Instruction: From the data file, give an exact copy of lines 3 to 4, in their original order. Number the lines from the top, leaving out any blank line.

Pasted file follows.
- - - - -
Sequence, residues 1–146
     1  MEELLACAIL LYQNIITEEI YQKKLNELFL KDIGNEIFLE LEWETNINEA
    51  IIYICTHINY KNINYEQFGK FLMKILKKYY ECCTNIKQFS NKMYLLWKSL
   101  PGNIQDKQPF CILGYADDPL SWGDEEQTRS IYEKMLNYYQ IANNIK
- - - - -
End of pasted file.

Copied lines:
    51  IIYICTHINY KNINYEQFGK FLMKILKKYY ECCTNIKQFS NKMYLLWKSL
   101  PGNIQDKQPF CILGYADDPL SWGDEEQTRS IYEKMLNYYQ IANNIK